Dr. Rajarshi Banerjee, CEO, Perspectum: Advanced Imaging Solutions to Enhance Precision Health

By Rob Dillard - Last Updated: September 27, 2022

Perspectum is a company that makes novel technologies which enable the delivery of precision medicine to enhance patient outcomes, and improve therapy pathways. They developed a quick and seamless scan that accurately assesses six organs at once, including the heart, lungs, kidneys, liver, spleen, and pancreas.

DocWire News spoke with Dr. Rajarshi (Banjo) Banerjee, CEO of Perspectum, to learn more about his innovative company and the strides they are making in advancing precision health.

DocWire News: Can you start off by giving us some background information on yourself?

Sure. My name’s Rajarshi Banerjee or Banjo. I trained as a doctor here in the UK and founded Perspectum just under 10 years ago. We are now a company of almost 300 people with the best tests for liver disease to determine whether or not you have liver disease, whether you have normal bowel ducts, and whether or not you need further investigation and/or treatment for either parenchymal or bowel duct liver disease.

Talk to us about Perspectum – why and when you founded it, and about the company’s mission and value proposition. 

Perspectum was founded from the University of Oxford in 2012 with the mission of developing diagnostic support software to improve healthcare outcomes. For example, you have a scan. The scan can determine some of the things that’s wrong with you. But actually, if you apply computer vision to that same scan, we can find out so much more about you, much faster and in much richer detail. But someone’s going to make that software. Someone’s got to get that software cleared by the regulators and then make it accessible to patients. That clearly was not going to be a university, which is why we founded a company.

The FDA recently granted clearance to CoverScan – talk to us about this software suite, and its importance.

Yeah. CoverScan is really important because it’s bringing holistic medicine to patients. Let’s say you are breathless, Rob. There are many different causes of breathlessness. You may have a problem in your lungs. You may have a problem in your heart. You may have a problem of anxiety. But to work out which one of those it is requires you, often, to see different specialties. You may need to see your cardiologist to make sure that your heart’s working okay. He or she will send you for a scan of your heart to determine if it’s ejection fraction is normal. That’s the measurement of pumping function. Then, if they say that your heart’s okay, they’ll send you to a pulmonologist. The pulmonologist will send you for a scan of your lungs to see if your lungs are okay. Is there any lung fibrosis? Have you got abnormally reduced lung volumes? If they’re okay, they’ll say, “Well, Rob. That’s fine. Maybe it’s all in your head, at which point they’ll send you to a clinical psychologist.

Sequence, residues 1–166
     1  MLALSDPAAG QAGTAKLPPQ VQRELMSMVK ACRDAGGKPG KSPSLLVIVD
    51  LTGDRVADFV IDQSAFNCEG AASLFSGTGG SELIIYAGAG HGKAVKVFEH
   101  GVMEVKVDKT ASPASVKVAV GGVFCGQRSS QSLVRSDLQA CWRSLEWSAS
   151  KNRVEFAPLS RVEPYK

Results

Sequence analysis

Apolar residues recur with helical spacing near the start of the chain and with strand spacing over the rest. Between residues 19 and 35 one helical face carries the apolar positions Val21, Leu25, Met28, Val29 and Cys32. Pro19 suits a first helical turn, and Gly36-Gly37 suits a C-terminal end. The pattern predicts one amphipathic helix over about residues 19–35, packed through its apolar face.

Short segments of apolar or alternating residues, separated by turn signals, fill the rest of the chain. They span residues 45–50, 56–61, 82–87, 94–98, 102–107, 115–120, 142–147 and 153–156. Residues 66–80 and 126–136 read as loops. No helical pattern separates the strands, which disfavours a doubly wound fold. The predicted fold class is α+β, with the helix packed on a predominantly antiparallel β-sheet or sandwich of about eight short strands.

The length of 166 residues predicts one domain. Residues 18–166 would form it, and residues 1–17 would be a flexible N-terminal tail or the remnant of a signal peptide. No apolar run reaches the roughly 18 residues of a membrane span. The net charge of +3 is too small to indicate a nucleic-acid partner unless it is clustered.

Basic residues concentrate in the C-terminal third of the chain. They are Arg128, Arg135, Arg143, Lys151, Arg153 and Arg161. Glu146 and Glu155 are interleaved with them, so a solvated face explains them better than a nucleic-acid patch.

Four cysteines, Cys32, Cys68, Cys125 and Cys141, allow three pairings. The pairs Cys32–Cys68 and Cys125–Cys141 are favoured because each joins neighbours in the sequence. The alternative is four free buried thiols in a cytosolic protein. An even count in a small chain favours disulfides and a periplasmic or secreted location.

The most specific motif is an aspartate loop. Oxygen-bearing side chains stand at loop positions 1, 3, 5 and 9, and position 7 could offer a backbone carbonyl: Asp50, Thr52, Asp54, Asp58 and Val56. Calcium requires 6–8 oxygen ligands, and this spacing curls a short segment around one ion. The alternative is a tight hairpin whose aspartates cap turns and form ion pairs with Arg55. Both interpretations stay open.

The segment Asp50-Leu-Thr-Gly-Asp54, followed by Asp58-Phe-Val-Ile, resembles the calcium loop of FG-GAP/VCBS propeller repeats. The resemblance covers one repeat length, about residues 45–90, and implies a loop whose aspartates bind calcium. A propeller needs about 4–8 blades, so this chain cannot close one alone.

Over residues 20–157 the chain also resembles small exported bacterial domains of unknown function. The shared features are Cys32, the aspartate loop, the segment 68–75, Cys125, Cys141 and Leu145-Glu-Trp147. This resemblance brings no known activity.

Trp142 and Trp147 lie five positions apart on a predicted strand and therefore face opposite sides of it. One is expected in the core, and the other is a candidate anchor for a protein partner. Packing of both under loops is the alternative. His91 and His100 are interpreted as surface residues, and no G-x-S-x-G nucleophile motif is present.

But my point is before you see a clinical psychologist, you’ve had to see two doctors and have two different diagnostic tests. CoverScan deals with all of that in one scan. We look at your heart function, your lung function, your kidneys, your liver, your pancreas all in one go. We can determine for a symptom like breathlessness or fatigue, which affects lots of people and may have several causes, which specialists to go to, if any.

What other platform-based products does Perspectum have, and what are they used for?

We have LiverMultiScan, which is the market leading diagnostic product or service, I should say, for parenchymal liver disease. It’s just been included in the American Association of Clinical Endocrinology and the American Gastroenterology Association guidelines. I wish some of the society names were shorter, don’t you? That’s a huge plus for us as a service company trying to build out our US offering. These products have their own CPT codes and premium reimbursement from Medicare as well.

What’s the biggest challenge the company is looking to solve?

The biggest challenge for us is, historically, medicine has always been done when it comes to assessing tissue with biopsies/with needles. In Boston, in one of the big hospitals there, there’s a big mural on the wall outside the pathology department which says, “Tissue is the issue,” as in, you can’t really make a diagnosis until you’ve got a bit of Rob in your hand or on a slide.

That’s fine. But as we progress from, I would say, 19th-century to 20th-century to 21st-century medicine, the fact that we can assess Rob’s liver tissue, his kidney tissue, his heart tissue noninvasively means it’s cheaper for the providers and payers but also safer for you. The complication rate from a liver biopsy is 2.4%. That’s a lot of people getting admitted to hospital or suffering severe pain from a diagnostic procedure. Doesn’t even make them better. Does that make sense? The biggest challenge for us is how do we help those patients. How do we remove the need for the needle by providing a good scan and a good scanning experience?

Any closing thoughts?

No. I just want to say that for people who are interested in the application of artificial intelligence to medicine, it’s a big evolving area. The Center for Medicaid Services has just opined on it. They referred to LiverMultiScan and MRCP+, and Perspectum as one of the vanguard sets of products that are really leading the way for software, as a service, to help patients. Applying AI and ways to pay for AI, and ways to deliver AI to hospitals is a really emerging theme. We are really proud to be part of that story, at least in the US.

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